Covid vaccine supply to North West of England 'will be cut by a THIRD in February' as region storms ahead in immunising its most vulnerable with stocks diverted to slow rollouts in the South

  • NHS England figures show the North West had vaccinated the second-highest proportion of its over-80s
  • Well-placed NHS sources have alleged the region will see supplies cut in February to just 200,000 doses
  • Confusion was sparked last week over whether supplies would be redirected to areas lagging behind
  • No10 refused to rule out the plans a few hours after the vaccines minister Nadhim Zahawi denied the reportsThe supply of coronavirus vaccines to the North West of England could be cut by a third next month so doses can be diverted to parts of the country further behind in their rollout to the over-80s.

    NHS England figures reveal the North West had vaccinated the second-highest proportion of its over-80s, reaching two thirds of the group who are among those most at risk if they catch the virus. Only the North East is ahead of it and supplies are expected to be limited there, too.

    And NHS sources say the region - which includes Manchester, Liverpool, Cheshire, Lancashire and Cumbria - will see supplies cut in the first week of February, according to the Health Service Journal.A senior member of the health service, who was not named, told the specialist news website: 'It means that, having stepped up a lot of services, you're then only using half that capability. I don't think anyone's complaining, but it's going to be a significant step back just as capability has been ramped up.'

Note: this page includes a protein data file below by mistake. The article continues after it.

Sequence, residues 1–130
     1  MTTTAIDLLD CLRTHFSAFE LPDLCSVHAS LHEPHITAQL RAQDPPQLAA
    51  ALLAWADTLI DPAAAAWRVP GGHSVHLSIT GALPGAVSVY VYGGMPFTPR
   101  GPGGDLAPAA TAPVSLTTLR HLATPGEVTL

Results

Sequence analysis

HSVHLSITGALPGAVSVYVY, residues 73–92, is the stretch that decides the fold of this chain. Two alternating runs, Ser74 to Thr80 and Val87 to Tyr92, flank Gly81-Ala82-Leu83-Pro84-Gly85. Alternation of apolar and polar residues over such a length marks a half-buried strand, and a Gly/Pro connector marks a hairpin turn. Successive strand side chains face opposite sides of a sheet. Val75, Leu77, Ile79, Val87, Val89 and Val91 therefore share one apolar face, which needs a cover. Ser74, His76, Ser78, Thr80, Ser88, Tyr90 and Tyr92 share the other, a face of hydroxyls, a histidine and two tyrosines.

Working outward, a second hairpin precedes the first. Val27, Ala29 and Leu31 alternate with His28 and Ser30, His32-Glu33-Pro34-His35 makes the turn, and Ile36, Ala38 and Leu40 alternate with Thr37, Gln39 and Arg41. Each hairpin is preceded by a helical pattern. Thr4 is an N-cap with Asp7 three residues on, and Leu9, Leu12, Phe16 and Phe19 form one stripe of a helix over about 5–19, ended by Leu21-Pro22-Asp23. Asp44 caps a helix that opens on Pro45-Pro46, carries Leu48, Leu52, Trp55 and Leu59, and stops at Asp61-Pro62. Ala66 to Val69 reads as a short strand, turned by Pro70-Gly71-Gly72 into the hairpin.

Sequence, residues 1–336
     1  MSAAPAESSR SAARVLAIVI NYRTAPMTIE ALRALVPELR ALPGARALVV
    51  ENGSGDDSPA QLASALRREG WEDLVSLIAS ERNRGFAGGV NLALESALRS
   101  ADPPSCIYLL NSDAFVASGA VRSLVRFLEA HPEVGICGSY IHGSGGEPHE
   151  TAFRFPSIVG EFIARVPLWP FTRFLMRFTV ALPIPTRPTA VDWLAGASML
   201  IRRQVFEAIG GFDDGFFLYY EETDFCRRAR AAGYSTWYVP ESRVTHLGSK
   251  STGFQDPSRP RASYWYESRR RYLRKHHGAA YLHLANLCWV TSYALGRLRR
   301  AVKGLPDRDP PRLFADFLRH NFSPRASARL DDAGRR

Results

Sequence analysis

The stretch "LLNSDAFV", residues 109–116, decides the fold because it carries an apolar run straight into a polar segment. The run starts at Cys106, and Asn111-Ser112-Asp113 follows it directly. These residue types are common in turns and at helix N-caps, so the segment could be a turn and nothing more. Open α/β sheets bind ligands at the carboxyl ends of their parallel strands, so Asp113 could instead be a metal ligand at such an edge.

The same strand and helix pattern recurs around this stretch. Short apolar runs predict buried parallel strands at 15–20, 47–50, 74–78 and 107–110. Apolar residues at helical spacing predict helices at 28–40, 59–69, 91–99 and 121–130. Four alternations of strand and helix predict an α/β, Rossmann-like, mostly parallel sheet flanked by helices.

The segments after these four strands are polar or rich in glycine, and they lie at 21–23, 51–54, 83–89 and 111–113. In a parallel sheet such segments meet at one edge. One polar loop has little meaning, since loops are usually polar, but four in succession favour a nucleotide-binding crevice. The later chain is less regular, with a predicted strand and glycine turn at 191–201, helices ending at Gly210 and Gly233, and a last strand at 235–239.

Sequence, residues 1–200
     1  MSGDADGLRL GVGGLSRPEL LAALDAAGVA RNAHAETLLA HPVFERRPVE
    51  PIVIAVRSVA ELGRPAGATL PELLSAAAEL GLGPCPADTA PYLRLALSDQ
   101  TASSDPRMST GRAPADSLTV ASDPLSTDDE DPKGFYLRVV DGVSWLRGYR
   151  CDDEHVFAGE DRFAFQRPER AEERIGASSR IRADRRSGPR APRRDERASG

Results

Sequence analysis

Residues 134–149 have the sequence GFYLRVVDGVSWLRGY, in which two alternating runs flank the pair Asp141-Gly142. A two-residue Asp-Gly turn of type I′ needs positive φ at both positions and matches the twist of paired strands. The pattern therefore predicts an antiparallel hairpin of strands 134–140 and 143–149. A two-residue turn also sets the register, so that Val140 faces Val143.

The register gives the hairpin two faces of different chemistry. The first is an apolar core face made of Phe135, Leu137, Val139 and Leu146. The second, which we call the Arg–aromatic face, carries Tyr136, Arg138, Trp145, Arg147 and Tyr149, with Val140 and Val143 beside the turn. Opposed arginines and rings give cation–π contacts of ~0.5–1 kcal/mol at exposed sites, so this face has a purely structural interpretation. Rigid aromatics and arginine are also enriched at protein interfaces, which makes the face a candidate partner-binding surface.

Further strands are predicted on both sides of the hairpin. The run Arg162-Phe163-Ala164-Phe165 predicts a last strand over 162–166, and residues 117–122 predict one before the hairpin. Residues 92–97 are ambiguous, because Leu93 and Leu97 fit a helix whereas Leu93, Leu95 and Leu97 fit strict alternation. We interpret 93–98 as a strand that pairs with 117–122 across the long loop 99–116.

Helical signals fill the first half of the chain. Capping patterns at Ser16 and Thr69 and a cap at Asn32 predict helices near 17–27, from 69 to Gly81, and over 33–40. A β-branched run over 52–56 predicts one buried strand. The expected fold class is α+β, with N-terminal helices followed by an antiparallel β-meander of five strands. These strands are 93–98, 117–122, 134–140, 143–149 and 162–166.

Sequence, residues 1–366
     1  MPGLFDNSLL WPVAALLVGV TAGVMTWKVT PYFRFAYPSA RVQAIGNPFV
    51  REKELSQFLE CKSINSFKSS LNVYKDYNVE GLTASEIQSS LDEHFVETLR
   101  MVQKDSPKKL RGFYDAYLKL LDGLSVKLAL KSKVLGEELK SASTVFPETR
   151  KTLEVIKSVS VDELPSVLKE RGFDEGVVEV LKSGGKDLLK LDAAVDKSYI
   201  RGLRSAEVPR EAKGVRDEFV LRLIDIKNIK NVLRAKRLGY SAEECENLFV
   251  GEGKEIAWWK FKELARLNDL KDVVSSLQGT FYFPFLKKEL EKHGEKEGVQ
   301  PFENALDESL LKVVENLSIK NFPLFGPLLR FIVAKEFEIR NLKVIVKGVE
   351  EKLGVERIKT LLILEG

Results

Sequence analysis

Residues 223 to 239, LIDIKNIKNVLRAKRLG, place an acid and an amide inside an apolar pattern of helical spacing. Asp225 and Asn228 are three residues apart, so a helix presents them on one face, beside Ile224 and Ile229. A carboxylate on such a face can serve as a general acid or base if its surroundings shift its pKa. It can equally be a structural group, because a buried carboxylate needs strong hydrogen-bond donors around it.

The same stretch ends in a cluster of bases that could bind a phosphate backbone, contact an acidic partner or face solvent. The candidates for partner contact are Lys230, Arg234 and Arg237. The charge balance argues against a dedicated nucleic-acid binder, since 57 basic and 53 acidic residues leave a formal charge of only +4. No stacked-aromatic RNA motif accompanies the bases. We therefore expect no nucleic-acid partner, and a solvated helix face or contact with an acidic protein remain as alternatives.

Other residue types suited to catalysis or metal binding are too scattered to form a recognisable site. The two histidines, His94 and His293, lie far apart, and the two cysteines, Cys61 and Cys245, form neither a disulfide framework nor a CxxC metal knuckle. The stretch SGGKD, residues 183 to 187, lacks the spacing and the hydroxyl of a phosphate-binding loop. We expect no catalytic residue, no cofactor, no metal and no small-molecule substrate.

It comes amid reports ministers are redirecting supplies from areas steaming ahead in the rollout to those lagging behind - such as London and East Anglia - to ensure all priority groups are vaccinated quickly.

    Confusion was sparked last week after No10 refused to deny Covid-19 jabs could be redistributed to even out a postcode lottery, despite the vaccines minister Nadhim Zahawi claiming none were being sent away from areas leading the drive.

    The Health Secretary Matt Hancock has previously stated ministers will reroute stocks to areas where the fewest number of over-80s and other priority groups have received their first dose.

    The Government is scrambling to vaccinate 15million people in the groups most vulnerable to the virus - including NHS staff, over-70s, care home residents and the vulnerable - before its deadline in mid-February.

    But the latest vaccination figures show the scheme failed to hit its target of getting jabs into the arms of 400,000 Britons every 24 hours for the second day in a row, trailing behind at 279,757 doses.